Greedy officials stall Chinas bid to close unsafe coal mines

Greedy officials stall Chinas bid to close unsafe coal mines

China will allow thousands of unsafe coal mines to continue operating until at least 2010 after a plan to shut them down met with heavy resistance from local governments, state press said.

Central authorities in Beijing intended to close all China’s unsafe coal mines by the end of next year, but local governments opposed the plan because it would mean a cut in their revenues and profits, the China Daily and Xinhua news agency reported.

“Problems emerged when the policy was implemented at local levels,” Xinhua quoted An Yuanjie, an official with the State Administration of Work Safety, as saying.

“Small coal mines, some of which are notoriously deadly, are considered the major capital sources for local governments, leading to many local authorities protecting unsafe mines for financial gain,” she said.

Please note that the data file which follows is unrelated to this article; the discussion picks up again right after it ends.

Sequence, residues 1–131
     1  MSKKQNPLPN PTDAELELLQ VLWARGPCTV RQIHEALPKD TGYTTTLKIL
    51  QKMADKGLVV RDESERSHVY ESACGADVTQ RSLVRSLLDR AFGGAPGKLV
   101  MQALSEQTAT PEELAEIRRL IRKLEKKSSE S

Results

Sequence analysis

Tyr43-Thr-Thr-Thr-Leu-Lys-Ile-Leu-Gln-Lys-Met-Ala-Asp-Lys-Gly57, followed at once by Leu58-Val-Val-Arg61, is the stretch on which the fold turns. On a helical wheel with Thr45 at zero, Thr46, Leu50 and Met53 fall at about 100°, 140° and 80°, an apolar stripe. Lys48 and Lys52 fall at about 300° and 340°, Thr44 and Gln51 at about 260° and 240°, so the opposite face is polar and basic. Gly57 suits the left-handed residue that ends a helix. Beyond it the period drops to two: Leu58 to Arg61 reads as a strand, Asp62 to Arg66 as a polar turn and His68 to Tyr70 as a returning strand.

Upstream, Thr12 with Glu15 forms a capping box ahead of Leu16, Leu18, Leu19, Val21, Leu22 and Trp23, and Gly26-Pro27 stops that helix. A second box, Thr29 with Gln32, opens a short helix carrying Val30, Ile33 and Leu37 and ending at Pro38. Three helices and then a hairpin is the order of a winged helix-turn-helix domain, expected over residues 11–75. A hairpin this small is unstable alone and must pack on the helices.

China’s coal mines are regarded as the most dangerous in the world.

Almost 6,000 workers died in China’s coal mines last year — a rate of about 16 fatalities each day — according to official figures.

Labor rights groups, such as the Hong Kong-based China Labour Bulletin, say the real number of mining deaths could be as high as 20,000 each year, because local government officials and mine owners often cover up accidents.

Previous attempts to shut down China’s unsafe mines have met with mixed success, at best.

Nearly 60 percent of the 5,001 mines ordered to shut down last year continued to operate, the government admitted in January.

One reason is that many local officials have business interests in the coal industry. Officials in charge of overseeing safety or closing the mines often had stakes in the same mines, the government has said previously.

Under the most recent plan to have failed, the central government had intended to close down 4,861 small mines and merge many others by the end of next year, according to Xinhua.

It said China currently had 17,000 small mines that produced one third of the nation’s coal output. Under the revised plan, this number would be reduced to about 10,000 by the end of 2010.

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